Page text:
It's not difficult to pick out the top few girls basketball players in the country. Athletes like Breanna Stewart and Moriah Jefferson are hard for even the most clueless journalist to miss.
But when it comes to the next level of players – let's say from No. 10 to No. 50 – the task is much more demanding. Do you prefer the 6-foot-1 power forward with great high school numbers over the slender 6-3 wing who still can count her muscles on one hand? Do you pick the star on a team full of talent, or the girl who had to carry the load all by herself?
Just for the record, here's how we tried to do it:
1. High school production: These are high school All-Americans, not projected collegiate stars. What happened on the court during the high school season is a high priority for us.
2. Team success: Since high school stats are notoriously unreliable (Dad tends to give his daughter a lot of rebounds, and not many turnovers), and offensive systems have a major impact on counting stats, we shift to team success as a measure of a successful season. A girl who's one of the Top 20 players in the nation should be able to get her school, no matter how small, to the 20-win plateau, and that same girl, surrounded with other D-1 players, should be in her state's final four.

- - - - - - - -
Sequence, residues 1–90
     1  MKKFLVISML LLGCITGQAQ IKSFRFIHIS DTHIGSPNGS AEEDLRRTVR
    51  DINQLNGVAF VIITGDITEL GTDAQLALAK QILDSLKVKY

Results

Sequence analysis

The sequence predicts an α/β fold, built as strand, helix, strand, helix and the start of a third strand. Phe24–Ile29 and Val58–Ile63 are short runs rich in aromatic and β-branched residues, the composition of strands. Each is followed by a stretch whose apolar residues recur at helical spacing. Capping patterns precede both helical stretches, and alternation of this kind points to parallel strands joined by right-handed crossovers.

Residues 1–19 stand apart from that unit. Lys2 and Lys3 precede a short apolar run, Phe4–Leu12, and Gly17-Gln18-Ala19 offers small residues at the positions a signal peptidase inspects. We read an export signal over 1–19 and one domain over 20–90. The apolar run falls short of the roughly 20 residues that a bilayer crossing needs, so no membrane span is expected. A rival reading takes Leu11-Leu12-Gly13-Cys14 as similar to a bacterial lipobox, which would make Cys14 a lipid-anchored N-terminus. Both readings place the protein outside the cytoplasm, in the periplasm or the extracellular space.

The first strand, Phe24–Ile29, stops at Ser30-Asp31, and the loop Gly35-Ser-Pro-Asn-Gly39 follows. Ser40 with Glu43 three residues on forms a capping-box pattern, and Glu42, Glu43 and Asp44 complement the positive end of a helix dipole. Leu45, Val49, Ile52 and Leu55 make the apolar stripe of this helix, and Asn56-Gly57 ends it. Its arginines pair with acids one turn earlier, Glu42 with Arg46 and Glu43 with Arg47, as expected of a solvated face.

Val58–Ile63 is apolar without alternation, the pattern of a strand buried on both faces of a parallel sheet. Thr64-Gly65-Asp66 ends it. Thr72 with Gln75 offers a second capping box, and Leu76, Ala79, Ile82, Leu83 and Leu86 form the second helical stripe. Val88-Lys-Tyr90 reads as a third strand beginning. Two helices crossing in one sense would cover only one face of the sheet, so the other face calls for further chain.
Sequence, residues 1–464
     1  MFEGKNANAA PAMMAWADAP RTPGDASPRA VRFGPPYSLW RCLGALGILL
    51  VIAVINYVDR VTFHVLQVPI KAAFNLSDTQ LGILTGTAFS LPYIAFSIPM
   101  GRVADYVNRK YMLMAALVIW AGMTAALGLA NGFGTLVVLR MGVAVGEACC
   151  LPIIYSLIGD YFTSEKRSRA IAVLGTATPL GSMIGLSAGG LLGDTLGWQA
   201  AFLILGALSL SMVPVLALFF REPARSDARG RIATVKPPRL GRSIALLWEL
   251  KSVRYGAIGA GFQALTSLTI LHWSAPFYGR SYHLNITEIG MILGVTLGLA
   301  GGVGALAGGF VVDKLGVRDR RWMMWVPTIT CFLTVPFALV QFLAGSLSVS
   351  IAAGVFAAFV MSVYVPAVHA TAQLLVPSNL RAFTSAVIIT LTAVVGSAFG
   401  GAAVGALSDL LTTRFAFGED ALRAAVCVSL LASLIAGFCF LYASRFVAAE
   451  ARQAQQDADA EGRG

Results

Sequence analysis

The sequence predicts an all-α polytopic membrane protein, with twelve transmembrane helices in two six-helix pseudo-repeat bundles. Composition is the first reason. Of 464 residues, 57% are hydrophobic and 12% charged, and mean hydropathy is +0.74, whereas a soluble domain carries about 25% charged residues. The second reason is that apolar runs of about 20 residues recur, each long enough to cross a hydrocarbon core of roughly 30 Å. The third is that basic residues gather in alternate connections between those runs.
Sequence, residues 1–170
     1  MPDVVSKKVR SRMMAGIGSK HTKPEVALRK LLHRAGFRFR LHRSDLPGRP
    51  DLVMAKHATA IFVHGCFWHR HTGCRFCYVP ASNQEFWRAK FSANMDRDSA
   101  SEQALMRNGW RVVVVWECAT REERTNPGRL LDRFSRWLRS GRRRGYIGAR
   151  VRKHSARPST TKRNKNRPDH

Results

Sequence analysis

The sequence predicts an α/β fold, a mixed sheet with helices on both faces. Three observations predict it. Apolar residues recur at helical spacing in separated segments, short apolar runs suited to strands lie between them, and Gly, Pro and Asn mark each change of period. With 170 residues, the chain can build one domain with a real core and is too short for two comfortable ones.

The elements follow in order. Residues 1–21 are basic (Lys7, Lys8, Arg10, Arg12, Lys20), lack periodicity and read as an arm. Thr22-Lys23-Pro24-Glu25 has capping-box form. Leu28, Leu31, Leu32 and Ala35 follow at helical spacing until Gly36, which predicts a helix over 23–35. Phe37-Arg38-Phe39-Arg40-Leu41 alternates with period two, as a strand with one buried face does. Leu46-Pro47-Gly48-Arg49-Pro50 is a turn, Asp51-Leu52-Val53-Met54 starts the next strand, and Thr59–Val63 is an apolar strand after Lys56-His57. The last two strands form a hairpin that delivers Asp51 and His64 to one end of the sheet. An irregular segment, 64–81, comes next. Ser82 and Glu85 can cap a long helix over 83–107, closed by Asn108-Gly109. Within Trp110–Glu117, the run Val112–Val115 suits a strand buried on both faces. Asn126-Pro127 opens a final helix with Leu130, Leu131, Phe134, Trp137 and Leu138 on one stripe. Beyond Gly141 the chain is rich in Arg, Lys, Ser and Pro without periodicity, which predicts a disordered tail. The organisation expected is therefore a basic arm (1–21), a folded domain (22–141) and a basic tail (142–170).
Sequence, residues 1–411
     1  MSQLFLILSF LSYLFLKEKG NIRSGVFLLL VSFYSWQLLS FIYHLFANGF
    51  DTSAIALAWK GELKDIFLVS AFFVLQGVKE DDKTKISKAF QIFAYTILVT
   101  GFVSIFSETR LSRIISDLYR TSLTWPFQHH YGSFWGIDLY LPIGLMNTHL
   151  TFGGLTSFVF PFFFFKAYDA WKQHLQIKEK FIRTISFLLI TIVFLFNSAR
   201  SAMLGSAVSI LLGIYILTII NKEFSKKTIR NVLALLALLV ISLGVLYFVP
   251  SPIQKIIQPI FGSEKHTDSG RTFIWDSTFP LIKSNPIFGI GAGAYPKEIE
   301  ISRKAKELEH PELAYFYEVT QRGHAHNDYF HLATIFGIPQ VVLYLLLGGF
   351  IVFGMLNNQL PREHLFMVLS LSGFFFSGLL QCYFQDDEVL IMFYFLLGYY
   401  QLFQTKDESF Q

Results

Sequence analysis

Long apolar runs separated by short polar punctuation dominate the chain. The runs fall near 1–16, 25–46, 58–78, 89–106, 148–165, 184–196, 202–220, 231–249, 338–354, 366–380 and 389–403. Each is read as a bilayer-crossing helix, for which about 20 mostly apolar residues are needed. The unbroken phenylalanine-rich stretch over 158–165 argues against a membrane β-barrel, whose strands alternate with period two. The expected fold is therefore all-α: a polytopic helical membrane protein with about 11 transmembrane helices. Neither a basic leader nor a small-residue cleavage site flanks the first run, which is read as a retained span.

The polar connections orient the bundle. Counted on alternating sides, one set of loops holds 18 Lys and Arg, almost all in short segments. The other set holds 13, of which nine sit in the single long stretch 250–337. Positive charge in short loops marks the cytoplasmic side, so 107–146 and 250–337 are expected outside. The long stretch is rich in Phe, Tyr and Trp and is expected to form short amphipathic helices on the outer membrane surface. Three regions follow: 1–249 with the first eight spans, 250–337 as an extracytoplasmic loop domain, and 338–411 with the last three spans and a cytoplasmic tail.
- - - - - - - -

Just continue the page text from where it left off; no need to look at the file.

3. Raw talent: This is the least important of the three criteria, as talent doesn't necessarily result in production or wins. But ask any coach, and she'll be happy to roll the dice with a 5-11 girl who can run on the 400 relay team and touch the rim from a standing start.
And though we obviously want to congratulate all the girls who made the MaxPreps 2011-12 Girls Basketball All-American team, it's also important to note that without all those other girls going to practice every day, and sacrificing so they could play high school basketball, the achievements of the few wouldn't really mean that much.
The four teams and the Honorable Mention players are as follows, on four slides:
First team Moriah Jefferson, THESA (Fort Worth, Texas), 5-8 senior guard/UConn:
Jefferson, a blur at the top of the offense, is skilled, athletic and as quick a guard as has been seen lately. She'll make a difference for Connecticut next season.
Alexis Jones, MacArthur (Irving, Texas), 5-8 senior guard/Duke:
Jones is a strong and talented combo guard who can score inside and out. Somehow, she escaped the clutches of the Texas schools, and will play for Duke. Nirra Fields, Mater Dei (Santa Ana, Calif.), 5-9 senior guard/UCLA:
The most creative and versatile perimeter scorer in the country, Fields can get a shot whenever she wants one. Her guardian is Los Angeles Lakers coach Mike Brown, so she knows where to go for advice. Breanna Stewart, Cicero-North Syracuse (Cicero, N.Y.), 6-4 senior forward/UConn:
The MaxPreps National Player of the Year
can pretty much do everything, and if she stays healthy, it won't be long until she's in the discussion of the best player in the world. She's that good. Morgan Tuck, Bolingbrook (Ill.), 6-2 senior forward/UConn:
Yes, that's three of the top five heading to Huskyland. Tuck has been a national presence since her freshman year for her athleticism, size and skills, but she still might have to battle for minutes next year at Connecticut.